Several Smart Ways To Raise Profits By Decreasing Inventory

Decreasing your inventory for profit is not an oxymoron. Assortment Optimization doesn't always mean that retailers must meet, match, or exceed the competition's assortment by adding products. Determining what sells well and where you make the most profit are the places for retailers to concentrate their efforts. Using Assortment Intelligence analytics, retailers can capitalize on information about which products are not selling well or where are you carrying too much inventory for too long.

Benefits Of Limiting Inventory:

1. Higher stock turnover (by virtue of eliminating slow-selling items);

2. Lower stock-outs;

3. Higher bargaining power with vendors;

4. Higher sales per square foot (by reducing slow-selling items and using smaller store formats);

5. Higher profits (due to lower costs associated with pricing, recordkeeping, and carrying additional inventory).

Some Lessons From Costco To Make Your Website Business More Profitable:

-- Limit number of items listed on your website: "We have the same discipline online as we do in the warehouse," said a senior vice-president of eCommerce. Costco uses a limited selection on its web site, with just 5,000 items.

-- Keep a high percentage of online assortment unique to your Web site. If you have a website and a storefront, it keeps the experience unique and alive for store shoppers if products on the website are not available in Costco's membership warehouse locations.

-- List the same item multiple times in different product categories to make limited selection of merchandise appear much bigger than it is.

-- Use drop shipping for Web sales. About 80 percent of the merchandise sold on Costco's Website is shipped by its vendors, thereby freeing Costco from expenses associated with holding inventories, markdowns, and other related costs.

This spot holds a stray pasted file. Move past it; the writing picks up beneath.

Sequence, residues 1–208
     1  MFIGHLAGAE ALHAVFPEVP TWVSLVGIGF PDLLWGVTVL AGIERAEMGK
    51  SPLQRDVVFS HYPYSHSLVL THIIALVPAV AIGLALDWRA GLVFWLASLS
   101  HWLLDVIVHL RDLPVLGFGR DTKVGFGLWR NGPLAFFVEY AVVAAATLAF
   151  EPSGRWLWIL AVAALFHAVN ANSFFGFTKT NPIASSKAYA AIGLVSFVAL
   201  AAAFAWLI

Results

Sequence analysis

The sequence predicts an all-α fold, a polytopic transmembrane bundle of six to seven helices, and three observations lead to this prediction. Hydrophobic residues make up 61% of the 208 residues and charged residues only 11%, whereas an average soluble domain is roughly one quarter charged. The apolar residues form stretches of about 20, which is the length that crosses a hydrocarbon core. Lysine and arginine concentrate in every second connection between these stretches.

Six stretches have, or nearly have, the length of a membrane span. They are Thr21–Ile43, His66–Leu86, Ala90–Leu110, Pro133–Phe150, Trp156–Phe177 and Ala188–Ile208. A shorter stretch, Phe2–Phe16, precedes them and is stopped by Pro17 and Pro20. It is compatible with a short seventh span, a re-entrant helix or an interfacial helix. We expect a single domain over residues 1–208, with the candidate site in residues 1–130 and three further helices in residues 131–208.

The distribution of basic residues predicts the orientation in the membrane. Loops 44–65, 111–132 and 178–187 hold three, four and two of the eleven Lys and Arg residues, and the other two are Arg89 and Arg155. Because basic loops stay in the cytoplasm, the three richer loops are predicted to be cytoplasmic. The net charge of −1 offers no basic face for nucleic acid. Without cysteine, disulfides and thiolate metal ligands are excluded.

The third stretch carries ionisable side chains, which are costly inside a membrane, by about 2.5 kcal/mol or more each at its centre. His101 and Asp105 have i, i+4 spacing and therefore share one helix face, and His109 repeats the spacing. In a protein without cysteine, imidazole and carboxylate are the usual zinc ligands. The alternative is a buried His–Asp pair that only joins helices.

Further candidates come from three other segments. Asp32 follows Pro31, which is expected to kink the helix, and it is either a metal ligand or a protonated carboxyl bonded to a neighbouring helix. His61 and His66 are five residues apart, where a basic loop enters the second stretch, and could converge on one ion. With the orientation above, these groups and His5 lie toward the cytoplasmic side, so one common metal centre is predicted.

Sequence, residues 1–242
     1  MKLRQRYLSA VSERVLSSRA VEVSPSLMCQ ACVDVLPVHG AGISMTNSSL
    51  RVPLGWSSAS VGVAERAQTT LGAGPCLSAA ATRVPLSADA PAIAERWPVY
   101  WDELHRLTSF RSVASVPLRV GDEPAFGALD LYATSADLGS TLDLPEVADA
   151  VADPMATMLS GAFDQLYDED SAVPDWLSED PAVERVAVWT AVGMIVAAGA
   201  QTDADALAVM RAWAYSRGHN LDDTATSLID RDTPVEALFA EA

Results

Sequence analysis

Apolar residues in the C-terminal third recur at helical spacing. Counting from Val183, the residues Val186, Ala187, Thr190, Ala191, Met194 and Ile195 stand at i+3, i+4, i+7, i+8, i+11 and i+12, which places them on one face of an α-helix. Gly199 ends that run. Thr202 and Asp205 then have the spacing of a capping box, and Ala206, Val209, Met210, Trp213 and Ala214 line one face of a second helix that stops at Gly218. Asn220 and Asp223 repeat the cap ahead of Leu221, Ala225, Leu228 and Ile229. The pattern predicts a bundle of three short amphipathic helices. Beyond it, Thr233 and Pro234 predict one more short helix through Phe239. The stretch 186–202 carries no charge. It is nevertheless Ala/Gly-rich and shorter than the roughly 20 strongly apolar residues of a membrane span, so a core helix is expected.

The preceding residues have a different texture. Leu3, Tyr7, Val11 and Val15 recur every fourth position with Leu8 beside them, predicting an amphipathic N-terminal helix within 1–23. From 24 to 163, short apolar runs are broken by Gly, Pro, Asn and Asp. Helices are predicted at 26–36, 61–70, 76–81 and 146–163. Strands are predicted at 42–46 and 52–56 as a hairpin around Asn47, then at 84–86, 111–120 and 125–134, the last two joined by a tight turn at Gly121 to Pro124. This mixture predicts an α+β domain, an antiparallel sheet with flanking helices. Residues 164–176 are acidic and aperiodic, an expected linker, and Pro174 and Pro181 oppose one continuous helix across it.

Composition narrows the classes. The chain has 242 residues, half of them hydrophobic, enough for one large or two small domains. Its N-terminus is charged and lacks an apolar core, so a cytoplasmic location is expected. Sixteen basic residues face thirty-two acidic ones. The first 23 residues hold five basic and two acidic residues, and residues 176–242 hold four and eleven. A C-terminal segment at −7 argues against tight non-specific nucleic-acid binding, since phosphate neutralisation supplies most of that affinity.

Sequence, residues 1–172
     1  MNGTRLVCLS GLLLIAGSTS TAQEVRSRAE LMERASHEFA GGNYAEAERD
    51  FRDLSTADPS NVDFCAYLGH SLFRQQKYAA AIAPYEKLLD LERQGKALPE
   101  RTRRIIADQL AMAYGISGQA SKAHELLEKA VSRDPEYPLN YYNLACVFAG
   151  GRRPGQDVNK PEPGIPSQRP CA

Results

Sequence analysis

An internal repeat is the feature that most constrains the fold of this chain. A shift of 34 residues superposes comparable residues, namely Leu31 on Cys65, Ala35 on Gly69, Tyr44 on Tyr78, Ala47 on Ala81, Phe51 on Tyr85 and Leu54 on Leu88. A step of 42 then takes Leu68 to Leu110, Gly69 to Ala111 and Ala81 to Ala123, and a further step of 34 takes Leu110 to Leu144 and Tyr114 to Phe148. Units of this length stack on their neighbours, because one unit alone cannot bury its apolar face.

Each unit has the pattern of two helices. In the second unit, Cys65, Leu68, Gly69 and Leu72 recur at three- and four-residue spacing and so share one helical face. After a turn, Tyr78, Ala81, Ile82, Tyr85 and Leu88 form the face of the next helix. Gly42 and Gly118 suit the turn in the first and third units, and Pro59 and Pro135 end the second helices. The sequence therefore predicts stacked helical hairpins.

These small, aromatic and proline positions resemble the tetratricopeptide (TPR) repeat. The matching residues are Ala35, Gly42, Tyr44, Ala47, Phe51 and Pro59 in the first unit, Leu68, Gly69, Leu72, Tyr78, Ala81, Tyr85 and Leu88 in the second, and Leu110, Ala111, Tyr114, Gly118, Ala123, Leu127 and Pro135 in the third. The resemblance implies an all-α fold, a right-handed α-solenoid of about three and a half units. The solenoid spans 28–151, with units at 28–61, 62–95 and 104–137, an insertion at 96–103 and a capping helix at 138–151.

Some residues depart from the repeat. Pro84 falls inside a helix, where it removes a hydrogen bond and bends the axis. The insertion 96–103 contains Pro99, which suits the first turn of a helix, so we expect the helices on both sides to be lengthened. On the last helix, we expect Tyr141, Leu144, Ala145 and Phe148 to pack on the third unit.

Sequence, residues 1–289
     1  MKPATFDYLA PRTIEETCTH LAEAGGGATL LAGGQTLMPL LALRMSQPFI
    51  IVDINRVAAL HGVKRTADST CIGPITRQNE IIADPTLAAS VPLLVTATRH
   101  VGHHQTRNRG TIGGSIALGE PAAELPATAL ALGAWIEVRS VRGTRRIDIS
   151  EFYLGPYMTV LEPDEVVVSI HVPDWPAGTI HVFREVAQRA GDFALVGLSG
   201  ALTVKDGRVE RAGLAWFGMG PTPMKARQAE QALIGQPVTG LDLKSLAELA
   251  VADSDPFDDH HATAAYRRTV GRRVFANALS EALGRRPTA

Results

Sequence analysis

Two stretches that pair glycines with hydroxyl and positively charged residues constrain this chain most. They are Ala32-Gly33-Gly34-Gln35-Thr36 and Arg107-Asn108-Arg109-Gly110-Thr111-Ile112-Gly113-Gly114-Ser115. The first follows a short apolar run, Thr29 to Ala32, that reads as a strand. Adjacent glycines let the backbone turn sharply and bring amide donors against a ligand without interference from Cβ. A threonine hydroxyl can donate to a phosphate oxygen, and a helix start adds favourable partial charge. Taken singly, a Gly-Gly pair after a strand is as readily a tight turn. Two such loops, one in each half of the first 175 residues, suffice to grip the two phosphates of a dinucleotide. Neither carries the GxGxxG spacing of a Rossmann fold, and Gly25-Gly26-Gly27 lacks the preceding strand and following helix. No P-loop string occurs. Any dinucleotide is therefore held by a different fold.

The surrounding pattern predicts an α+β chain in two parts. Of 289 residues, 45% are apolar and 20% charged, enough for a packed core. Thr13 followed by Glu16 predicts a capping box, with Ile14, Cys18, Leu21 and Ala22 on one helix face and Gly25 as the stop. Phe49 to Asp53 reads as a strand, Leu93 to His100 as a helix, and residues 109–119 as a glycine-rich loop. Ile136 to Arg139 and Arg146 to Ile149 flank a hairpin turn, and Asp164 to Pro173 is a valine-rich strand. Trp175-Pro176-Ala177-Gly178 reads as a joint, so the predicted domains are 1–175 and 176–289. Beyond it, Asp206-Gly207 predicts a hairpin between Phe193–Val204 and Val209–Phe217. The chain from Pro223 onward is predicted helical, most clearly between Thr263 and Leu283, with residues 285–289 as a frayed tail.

(See also, Barry Berman's post: 5 Ways Retailers Can Make More Profit By Reducing Product Assortment & Managing Websales Like Costco Does).

Avert Showrooming By Culling Inventory:

It was suggested in a Forbes Business article by Adam Ozimek, Are Retailer Showrooms Going Extinct? that a way to discourage showrooming at Best Buy is to cut inventory. "By keeping so many TVs on its sale floor, Best Buy is offering itself up as a showroom for Amazon... Don't make customers choose between seven different models of the same general product," says Farhad Manjoo of Slate. "Online retailers free ride on the showrooms of Best Buy when potential customers can walk into a store, check out the extensive stock, and go home and buy the product they like best online."

"The guy in the blue shirt shouldn’t make you choose between a dozen nearly identical models," notes Manjoo. Why not show you a single set, a TV that Best Buy’s experts have determined offers the best features at the best price, Manjoo suggests. (And make a sale right on the spot). "The firm could do the same across its inventory, culling the tech universe down to a few essential, can’t-beat products."

Bottom Line For Your Bottom Line:

Here's how wise use of Assortment Intelligence analytics benefit retailers: 

-- Helps avoid costly mistakes by projecting product assortment needs in advance;

-- Helps identify new opportunities around changes in product mix;

-- Helps find areas of potential cost reduction;

-- Helps discover overall effects of your assortment on the bottom line;

-- Helps plan on products that will bring profit with the least downside on inventory management.

Don't Drown In An Unmanageable Sea Of SKUS

"You cannot really be best at what you are doing if you have too much to manage," said the Costco executive. "The key to successful assortment management is to satisfy the shopper's need for choice and innovation -- and manage to be profitable -- without drowning in an unmanageable sea of SKUs."  
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Gilon Miller, CMO

About Author

Gilon is a seasoned marketing, sales and business development executive with over 15 years of experience in the software and Internet business. He is the Founder and CEO of GuruShots. Previously, Gilon was the CMO of Upstream Commerce, VP of Marketing at iMDsoft and Director of Global Marketing at SAP. He earned an MBA at the MIT Sloan School of Management and a BS in Electrical Engineering from Tufts University.
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